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#3 in NEWS 1130'S Top 10 of 2018: Marijuana legalization

Last Updated Dec 26, 2018 at 2:24 pm PDT

Smoking marijuana on Parliament Hill in Ottawa, on April 20, 2010. THE CANADIAN PRESS)

Canada blazed a new trail this year, by becoming the second country in the world to legalize recreational marijuana, but the future of pot in the country is still a little hazy, with the federal government now promising to have edibles on the market by the end of next year.

To cheers and drums B.C.’s first, and at the time only, legal recreational marijuana store opened its doors promptly at 10 a.m. on Oct. 17, hours after the stroke of midnight heralded in a new era of legalized pot for adults across the nation.

More than 100 people waited outside, some for more than three hours in the brisk morning air, to be the first inside the new government-owned dispensary that looked more like an Apple store than a pot shop.

In the days and weeks that passed, apocalyptic predictions of spikes in impaired driving crashes and emergency room visits never came to pass, but two months since legalization, Canada is still working out some kinks, namely with supply, enforcement, and those who say the fight over cannabis legalization isn’t over yet.

LISTEN: NEWS 1130’s Lasia Kretzel looks back on marijuana legalization

A Canada post-legalization

Since legalization of dried cannabis products, shops and producers across the nation have reported supply shortages as they strain to meet consumer demand. Prime Minister Justin Trudeau blames pockets of resistance for the shortage that has slowed the dissemination of legal weed, particularly municipalities in Quebec and Ontario. He expects the problem to be solved within the next few months, but industry experts say it could be years because of tough Health Canada regulations.

The shortages have been most pronounced in Ontario, forcing the province to limit the number of licenced pot dispensaries that will open in the spring.

B.C. has seen some bare shelves, but Vivianna Zanacco with the B.C. Liquor Distribution Branch says the west coast province has fared better than others.

“We’ve been very fortunate because we really sourced a lot of product and a lot of different product from, I think there were only 20 suppliers for all of Ontario and we have upwards in the 70s,” she said. “We had people lining up until after closing until recently. The online sales are really strong.”

Watch: Five things you need to know about Canada’s marijuana legalization


The Medicinal Cannabis Resource Centre (MCRC) says since legalization, some of its clients have had trouble getting their prescriptions and some are turning back to the grey market, a dangerous gamble for someone with a compromised immune system.

“The anxiety that a lot of these patients are feeling now, they’ve come up with in the past year or several years a very clean, qualified product that they are comfortable is grown properly,” MCRC president Terry Roycroft said.

Zanacco says BC can expect new stores to open “in the dozens” as they receive municipal approval and licenses from the liquor and cannabis regulation branch.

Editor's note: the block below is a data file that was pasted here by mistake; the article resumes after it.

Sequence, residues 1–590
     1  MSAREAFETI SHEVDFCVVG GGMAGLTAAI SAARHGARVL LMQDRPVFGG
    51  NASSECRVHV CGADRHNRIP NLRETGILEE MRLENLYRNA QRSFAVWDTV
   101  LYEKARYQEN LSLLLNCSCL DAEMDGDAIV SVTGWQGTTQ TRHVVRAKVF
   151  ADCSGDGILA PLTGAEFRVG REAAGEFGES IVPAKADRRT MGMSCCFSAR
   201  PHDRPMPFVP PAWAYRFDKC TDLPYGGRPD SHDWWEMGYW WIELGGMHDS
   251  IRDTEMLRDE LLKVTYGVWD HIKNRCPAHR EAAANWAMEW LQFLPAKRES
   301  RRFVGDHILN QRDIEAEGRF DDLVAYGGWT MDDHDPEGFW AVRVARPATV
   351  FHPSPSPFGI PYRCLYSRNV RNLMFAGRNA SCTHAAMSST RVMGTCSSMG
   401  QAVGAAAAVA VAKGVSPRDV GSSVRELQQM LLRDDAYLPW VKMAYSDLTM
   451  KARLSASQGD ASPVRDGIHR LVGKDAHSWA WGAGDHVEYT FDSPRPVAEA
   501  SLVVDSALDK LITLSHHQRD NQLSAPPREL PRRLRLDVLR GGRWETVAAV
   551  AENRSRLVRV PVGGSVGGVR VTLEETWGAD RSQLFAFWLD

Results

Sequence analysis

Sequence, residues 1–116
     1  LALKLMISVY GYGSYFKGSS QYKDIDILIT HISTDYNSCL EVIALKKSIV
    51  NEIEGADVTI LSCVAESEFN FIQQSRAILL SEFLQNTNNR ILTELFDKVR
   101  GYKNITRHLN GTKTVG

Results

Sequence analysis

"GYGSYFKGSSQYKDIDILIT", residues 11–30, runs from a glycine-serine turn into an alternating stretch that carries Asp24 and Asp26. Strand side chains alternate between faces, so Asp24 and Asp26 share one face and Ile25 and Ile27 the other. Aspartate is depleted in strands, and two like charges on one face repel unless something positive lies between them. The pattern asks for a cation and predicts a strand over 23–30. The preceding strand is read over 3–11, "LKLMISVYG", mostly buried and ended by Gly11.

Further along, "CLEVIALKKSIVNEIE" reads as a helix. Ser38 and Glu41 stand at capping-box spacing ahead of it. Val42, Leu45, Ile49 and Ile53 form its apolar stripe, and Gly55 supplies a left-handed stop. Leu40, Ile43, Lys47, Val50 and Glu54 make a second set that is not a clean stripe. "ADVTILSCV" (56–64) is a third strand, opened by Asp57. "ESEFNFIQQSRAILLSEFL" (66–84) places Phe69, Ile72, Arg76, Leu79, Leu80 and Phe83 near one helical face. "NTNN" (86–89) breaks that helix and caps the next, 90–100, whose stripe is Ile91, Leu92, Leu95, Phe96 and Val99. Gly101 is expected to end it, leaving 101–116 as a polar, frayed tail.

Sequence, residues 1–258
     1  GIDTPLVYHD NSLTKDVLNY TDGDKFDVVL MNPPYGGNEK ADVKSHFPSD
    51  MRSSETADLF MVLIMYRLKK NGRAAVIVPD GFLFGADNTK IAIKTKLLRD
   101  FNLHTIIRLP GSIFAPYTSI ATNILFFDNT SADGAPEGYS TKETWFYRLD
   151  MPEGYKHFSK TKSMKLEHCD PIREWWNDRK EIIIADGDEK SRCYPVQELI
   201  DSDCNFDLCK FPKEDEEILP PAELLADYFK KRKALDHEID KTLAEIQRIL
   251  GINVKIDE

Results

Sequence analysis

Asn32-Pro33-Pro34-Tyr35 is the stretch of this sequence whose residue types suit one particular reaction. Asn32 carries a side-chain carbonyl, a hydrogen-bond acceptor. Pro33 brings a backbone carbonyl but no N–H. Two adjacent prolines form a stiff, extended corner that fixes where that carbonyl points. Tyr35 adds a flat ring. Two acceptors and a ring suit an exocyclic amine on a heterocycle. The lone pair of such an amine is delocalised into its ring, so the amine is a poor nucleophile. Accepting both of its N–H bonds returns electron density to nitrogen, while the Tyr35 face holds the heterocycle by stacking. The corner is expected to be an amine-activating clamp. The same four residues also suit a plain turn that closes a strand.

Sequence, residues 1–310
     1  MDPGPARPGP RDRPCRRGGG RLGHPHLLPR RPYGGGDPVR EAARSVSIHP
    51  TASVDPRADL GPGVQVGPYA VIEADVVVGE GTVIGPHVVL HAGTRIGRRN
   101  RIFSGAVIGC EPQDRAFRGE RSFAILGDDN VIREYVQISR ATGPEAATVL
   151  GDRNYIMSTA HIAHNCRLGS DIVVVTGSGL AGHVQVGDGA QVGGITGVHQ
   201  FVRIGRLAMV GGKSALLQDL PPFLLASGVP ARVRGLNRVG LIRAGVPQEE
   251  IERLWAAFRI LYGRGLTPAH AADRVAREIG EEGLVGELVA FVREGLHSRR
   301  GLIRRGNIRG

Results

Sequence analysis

The future of legally grey dispensaries

Despite hundreds of applications before legalization, B.C. only has one government-owned recreational store and two approved private licenses. Several cities, including Vancouver, New Westminster and Delta have all shown a willingness to allow pot shops, but have yet to approve any.

Following a B.C. Supreme Court decision ordering illegal dispensaries to close, Vancouver Mayor Kennedy Stewart said the city will give the shops time to transition into the legal market, but they are expected to go legal or close down.

BC Solicitor General Mike Farnworth previously recommended illegal dispensaries close and reopen under the legal format if they wanted to stay in business.

Ottawa has vowed to strengthen laws aimed at punishing serious cannabis offences, including selling pot to kids, and driving under the influence. It set THC blood concentrations limits for drivers and new laws allowed police to demand a saliva sample at roadside drug screenings.

RELATED: Streamlined pardon process for marijuana possession convictions on the way

However, there’s only one approved road side drug test, the Draeger DrugTest 5000, but it’s been met with heavy criticism and hasn’t been widely adopted by police forces across the country.

The federal government also promised to pardon some cannabis criminal records this year, but no action has was taken before legislators left for winter break.

“I think we’ve made some great progress in 2018, but the prohibitionist mindset and the anti-cannabis agenda is still very strong,” long-time marijuana activist Dana Larsen said.

Next up: Edibles

Larsen said next year’s 4/20 event at Vancouver’s Sunset Beach will have lots to celebrate, but he said the fight isn’t over yet.

“I’d like to see the B.C. government stand up stronger for British Columbia’s cannabis industry,” he said. “Federally, I hope that the federal government, especially this coming year, will get the extracts, edibles and other products online.”

On Dec. 20, Ottawa announced proposed new rules for edibles to get them on the market by Oct. 17, 2019. They included limiting the main psychoactive ingredient THC, packaging “shelf stable” products in plain packaging and banning it being added to certain foods like meat unless it is dried.

Larsen and Roycroft both said all levels of government need to speed up approval of new dispensaries. They would also like to see medical growers, who were previously approved by the federal government, rolled into the legal market across the country.

Larsen also hopes cities will work with current, smaller dispensaries to keep them open as Canada navigates this new and near uncharted path into the New Year.

Click here to review NEWS 1130’s Top 10 of 2018.